Vietnamese Golden Coin Turtles sent to Europe to enter conservation breeding programmes
A group of Vietnamese Golden Coin Turtles (Cuora cyclornata) were transferred from Hong Kong to Munster’s Allwetter Zoo in Germany on 19th April, 2012. Some of these turtles have been under the care of Kadoorie Farm and Botanic Garden (KFBG) for over 15 years; a number were confiscated from the Traditional Chinese Medicine and illegal pet trade, while others were discovered as strays in the Hong Kong countryside having been released perhaps as a compassionate act in rituals. The animals were in a healthy condition when they arrived at the zoo and they have been distributed to other institutions in Europe participating in turtle conservation breeding programmes for the species.
Vietnamese Golden Coin Turtles are a different species from the Golden Coin Turtles (Cuora trifasciata) that originate from Hong Kong and China but share similar physical features. The local turtles are thought to be slightly smaller with a higher domed carapace and a much brighter yellow head colouration while the chin colour of Vietnamese animals tends to be either orange or white.
As a talisman of good luck, prosperity and long-life in oriental belief, these turtles are not getting their share of good fortune in the wild. The whole group of Cuora are under threat because of over-collection for the pet, food and medicinal trade. As they are often marketed and claimed to be a cure for cancer, market prices have soared and this has further increased poaching of these turtles.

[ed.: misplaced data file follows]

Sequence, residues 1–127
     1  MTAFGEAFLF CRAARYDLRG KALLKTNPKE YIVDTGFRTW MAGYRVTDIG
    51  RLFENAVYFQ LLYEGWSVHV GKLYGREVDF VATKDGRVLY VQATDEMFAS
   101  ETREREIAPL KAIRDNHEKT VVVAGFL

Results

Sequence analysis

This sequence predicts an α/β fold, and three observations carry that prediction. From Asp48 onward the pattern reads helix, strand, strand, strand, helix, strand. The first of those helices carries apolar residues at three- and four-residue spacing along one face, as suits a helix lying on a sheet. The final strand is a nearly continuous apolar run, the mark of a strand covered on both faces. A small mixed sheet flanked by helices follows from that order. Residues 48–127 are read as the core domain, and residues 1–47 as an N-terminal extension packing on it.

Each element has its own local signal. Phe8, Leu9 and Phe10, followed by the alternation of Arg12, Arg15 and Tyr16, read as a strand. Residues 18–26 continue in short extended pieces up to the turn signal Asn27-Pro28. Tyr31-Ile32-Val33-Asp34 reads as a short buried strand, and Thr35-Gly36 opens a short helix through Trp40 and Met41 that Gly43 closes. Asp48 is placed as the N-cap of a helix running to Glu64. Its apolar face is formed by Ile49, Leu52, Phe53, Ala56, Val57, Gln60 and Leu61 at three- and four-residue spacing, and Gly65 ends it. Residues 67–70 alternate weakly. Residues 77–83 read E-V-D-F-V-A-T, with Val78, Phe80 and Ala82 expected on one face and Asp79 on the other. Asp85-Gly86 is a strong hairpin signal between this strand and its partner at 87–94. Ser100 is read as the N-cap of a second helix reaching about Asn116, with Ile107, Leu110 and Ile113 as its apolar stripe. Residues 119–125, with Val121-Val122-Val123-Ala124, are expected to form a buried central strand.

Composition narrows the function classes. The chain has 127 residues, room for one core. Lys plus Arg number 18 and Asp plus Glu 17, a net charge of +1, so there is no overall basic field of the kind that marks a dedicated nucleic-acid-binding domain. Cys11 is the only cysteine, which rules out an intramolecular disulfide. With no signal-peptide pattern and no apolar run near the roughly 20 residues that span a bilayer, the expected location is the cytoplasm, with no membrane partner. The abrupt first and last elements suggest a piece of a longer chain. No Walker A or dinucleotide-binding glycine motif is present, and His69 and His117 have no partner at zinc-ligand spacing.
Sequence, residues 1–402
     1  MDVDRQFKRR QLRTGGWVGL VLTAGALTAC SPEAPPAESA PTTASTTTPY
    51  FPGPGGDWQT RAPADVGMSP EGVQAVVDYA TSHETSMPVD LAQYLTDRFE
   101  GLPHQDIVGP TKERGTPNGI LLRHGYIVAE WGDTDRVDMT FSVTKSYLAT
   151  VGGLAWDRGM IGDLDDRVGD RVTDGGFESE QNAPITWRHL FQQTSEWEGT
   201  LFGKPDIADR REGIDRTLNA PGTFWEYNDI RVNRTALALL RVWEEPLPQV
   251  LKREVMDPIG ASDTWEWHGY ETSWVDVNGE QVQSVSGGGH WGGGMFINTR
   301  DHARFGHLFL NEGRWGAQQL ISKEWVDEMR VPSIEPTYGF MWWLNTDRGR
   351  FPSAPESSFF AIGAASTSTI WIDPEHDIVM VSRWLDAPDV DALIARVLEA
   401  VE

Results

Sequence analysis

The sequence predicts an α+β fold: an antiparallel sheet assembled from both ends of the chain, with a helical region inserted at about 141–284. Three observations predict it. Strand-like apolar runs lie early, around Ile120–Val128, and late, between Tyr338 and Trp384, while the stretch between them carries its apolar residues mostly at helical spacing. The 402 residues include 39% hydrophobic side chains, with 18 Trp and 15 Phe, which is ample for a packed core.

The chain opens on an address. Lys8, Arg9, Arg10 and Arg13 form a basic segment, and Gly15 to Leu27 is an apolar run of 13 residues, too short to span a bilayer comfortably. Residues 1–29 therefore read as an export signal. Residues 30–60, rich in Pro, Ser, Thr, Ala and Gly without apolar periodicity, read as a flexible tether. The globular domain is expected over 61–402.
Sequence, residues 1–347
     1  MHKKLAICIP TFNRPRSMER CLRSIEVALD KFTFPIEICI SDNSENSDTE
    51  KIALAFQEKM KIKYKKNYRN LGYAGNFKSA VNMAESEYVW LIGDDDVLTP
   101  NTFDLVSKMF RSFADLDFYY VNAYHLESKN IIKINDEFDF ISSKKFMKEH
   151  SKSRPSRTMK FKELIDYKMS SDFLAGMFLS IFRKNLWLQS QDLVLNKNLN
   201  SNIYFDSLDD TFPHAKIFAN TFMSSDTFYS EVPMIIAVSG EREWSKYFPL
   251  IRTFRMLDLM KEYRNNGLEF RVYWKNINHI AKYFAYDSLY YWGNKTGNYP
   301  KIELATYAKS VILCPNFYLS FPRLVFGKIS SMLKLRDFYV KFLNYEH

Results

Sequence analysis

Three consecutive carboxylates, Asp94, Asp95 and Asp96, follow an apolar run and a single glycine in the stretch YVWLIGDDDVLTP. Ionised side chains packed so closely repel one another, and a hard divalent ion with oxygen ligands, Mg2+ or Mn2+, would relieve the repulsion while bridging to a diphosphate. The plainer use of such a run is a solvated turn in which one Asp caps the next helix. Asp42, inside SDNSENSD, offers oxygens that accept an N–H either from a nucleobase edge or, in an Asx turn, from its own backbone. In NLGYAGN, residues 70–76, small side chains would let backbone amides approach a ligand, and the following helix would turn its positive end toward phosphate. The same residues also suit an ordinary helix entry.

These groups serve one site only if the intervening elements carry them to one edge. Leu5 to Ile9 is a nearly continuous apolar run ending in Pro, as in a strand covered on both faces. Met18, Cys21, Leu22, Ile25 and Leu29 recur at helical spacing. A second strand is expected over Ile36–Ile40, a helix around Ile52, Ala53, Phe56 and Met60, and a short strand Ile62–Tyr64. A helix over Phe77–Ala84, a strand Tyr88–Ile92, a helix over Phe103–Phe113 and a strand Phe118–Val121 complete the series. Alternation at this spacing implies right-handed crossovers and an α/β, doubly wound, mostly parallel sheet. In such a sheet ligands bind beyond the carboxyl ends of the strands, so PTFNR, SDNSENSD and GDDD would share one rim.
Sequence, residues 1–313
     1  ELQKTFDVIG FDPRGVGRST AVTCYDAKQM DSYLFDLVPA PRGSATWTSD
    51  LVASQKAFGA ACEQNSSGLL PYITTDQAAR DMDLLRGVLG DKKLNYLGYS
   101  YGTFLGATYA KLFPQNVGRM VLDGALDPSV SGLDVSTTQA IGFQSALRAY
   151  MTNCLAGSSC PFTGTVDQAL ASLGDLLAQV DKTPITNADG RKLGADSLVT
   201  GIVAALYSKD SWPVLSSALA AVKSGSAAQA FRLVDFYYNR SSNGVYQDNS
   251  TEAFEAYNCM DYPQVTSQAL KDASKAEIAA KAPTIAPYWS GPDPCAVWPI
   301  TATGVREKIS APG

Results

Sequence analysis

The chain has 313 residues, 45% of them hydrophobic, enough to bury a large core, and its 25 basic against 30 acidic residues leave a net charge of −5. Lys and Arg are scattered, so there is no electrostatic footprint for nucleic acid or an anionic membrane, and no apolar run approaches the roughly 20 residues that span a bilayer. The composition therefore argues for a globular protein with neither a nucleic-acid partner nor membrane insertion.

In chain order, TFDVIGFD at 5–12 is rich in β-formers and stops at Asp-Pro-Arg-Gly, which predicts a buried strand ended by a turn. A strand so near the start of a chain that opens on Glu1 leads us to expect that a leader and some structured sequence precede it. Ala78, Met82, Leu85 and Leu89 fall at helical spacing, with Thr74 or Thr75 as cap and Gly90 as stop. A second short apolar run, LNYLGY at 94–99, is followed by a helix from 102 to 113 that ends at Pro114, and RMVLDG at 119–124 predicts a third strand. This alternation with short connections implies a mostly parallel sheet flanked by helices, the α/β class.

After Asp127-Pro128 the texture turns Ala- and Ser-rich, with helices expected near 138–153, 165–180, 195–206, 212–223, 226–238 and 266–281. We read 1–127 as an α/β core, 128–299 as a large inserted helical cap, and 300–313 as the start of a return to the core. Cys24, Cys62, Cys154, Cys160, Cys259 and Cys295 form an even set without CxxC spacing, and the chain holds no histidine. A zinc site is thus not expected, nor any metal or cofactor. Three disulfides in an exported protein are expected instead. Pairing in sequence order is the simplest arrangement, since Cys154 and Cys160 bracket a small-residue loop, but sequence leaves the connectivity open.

In fact, the ecology of Vietnamese Golden Coin Turtles is virtually unknown, and for many years no official record exists of these animals being found in the wild in Vietnam. Human intervention is, therefore, required to ensure the survival of this species. They are listed as Critically Endangered by the International Union for the Conservation of Nature (IUCN) Red List Category and cited in Appendix II of the Convention on International Trade in Endangered Species of Wild Fauna and Flora (CITES), to protect endangered species from over-exploitation through international trade restrictions.
KFBG advises the public not to buy illegal pet species and to report any suspicion about endangered species being offered for sale. If you participate in Traditional Chinese Medicine treatments, choose from the many sustainable alternatives that exist rather than using medicinal ingredients from exotic or endangered species.
You can help by reporting suspicion about illegal wildlife trade activities to the Agriculture, Fisheries and Conservation Department at (852) 2150 6978 or email@example.com